There is no quick fix for this sport
Now comes the fun part -- listening to people who can "fix" hockey.
In fact, hockey has been fixed, in that veterinarian sort of way. It has been stripped of even its mild import in the bigger sporting picture, saddled as it is with a distrustful public, a scornful media, and a television deal that comes straight from Cable Access Channel Z.
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But since this lockout was all about 10 or so hard-line owners and their unleashed commissioner getting what they wanted at all costs, hats off to them. Preferably with their heads inside, true, but you get what you can at times like this.
Still, since this is the parlor game du jour, let's see if we can't fix hockey too. Especially since our solution is easy to understand and implement.
To start, Bob Goodenow needs to be fired. And in summation, Gary Bettman needs to be fired, too.
Goodenow's firing is easy to understand, in that he is the Richie Phillips of the new millennium. He bluffed with an ultimately unplayable hand, caved, and still got his face rubbed in it. Union leaders who negotiate a deal this good always get fired, and in any event, Goodenow seems to be as popular with his constituents as a dumpster full of skunks.
But Bettman? He is, of course, golden because his constituency, The Gang Of Eight Or So, is thrilled. They get what they want, a crippled union, and can get back to the business of overcharging for everything from tickets to parking to beer to those little hockey sticks that get wedged between the seats of the minivan on the drive home and aren't found until the van gets sold.
And for all that, Bettman should still be fired, because in doing the business of the hard-liners, he has become the face of a sport in crisis, one that has marched smartly toward the back of a line that now includes bicycle racing, trick-shot pool, B-list celebrity poker, and God help us all, the All-Star Red Carpet.
The players can't stand him. The fans loathe him. The media is in full dismissive mode about him and his sport. And hockey needs all the good will in those three areas that it can spin.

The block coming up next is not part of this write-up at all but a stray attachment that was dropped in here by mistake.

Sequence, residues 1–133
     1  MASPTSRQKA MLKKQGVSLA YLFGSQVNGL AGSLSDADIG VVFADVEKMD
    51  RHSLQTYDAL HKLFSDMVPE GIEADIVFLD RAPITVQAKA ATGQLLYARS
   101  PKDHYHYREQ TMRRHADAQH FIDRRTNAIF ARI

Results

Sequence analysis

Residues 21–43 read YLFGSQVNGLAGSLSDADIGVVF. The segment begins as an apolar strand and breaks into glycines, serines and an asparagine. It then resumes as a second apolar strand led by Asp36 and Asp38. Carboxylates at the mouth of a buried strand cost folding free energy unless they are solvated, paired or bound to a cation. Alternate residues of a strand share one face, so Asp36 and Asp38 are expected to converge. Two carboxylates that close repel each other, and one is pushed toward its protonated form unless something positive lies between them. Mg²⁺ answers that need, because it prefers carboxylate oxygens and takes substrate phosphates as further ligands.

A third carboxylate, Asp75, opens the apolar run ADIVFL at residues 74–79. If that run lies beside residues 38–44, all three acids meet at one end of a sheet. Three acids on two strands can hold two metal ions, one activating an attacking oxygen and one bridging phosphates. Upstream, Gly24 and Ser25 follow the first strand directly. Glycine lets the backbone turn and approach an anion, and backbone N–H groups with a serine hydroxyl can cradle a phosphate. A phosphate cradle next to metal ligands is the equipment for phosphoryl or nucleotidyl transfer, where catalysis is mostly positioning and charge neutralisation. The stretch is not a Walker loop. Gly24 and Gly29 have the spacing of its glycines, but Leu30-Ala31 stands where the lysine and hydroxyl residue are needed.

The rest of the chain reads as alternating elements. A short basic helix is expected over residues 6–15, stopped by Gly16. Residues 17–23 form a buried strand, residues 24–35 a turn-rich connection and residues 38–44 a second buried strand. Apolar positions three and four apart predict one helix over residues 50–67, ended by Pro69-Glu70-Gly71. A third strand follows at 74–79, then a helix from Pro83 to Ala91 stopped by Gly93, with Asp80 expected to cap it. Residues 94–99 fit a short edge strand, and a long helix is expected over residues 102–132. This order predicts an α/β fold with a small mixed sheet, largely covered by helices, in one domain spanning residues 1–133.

Oh, there were 30 happy-talk conference calls Wednesday, one for each team, and all of them had the same general tone -- "we're ready to move forward." Given the state of the game on every level, from standard of play to hyperactive expansion to hockey-resistant areas to a shriveling TV market, the idea of "forward" is ludicrous.
In fact, hockey needs to redevelop its audience, which will take time and careful contraction. It needs to change its game to reward speed rather than sloth, of which shrinking the goalie equipment to sub-sofa size is a step in the right direction.
And it needs to acknowledge that settling a lockout that never needed to last this long is not a victory on any level, but the belated acknowledgment of a monumental error for which only shame can be attached.
You see, a sports league has one responsibility that supercedes all others -- staging the damned games. The NHL failed in this, on the grandest scale ever, and even if Bettman was the good soldier for the hard-liners, his time is done because the task has changed from crushing the players' union to restoring faith in the people who give us the games.
And Bettman isn't the guy for that, not given the way the game shrank in importance and entertainment value on his watch.
This would represent an act of profound disloyalty on the part of the owners for whom he carried the heavy end of the piano, but loyalty is among the first things to go in desperate times. And these are desperate times.
Desperate times, times that cry out for creativity, to which the people who run hockey have shown a profound aversion over the years. They make cool uniform sweaters, true, and they tried to colonize the southern half of the United States in an attempt to grow the game, but the game didn't grow. The league did, in part because the owners were hungry for all the expansion fees it could choke down, but not the game.
No, this is an enormous task, one which can be done only by someone who won't be booed, ridiculed and drowned out the way Bettman will be. He is the Lockout Commissioner now, an immutably damaging legacy for someone who thought when he left the NBA that hockey could be his ticket to ride.
At least that's how it should play out, but understanding the way the hockey business works, Bettman is likely safe. He followed the power, and the power won. He was the front man so Billy Wirtz and Jeremy Jacobs and Peter Karmanos didn't have to be, and in the tiny world of Us-Versus-Them, Bettman delivered.
But now the job requirement has changed, and it is unlikely that Wirtz, Jacobs, et. al., see that, or want to. They got cost certainty. They got massive rollbacks. They got Goodenow's head on a pike in the front yard. For them, this was a great day.
Now comes the hard part, and the hard part starts with erasing every possible vestige of this yearlong disgrace. If this is a new day, it should start with new characters.
That won't fix hockey, but as a start, it sure beats curving the blue line or making the goal a trapezoid.
Ray Ratto of the San Francisco Chronicle is a regular contributor to ESPN.com.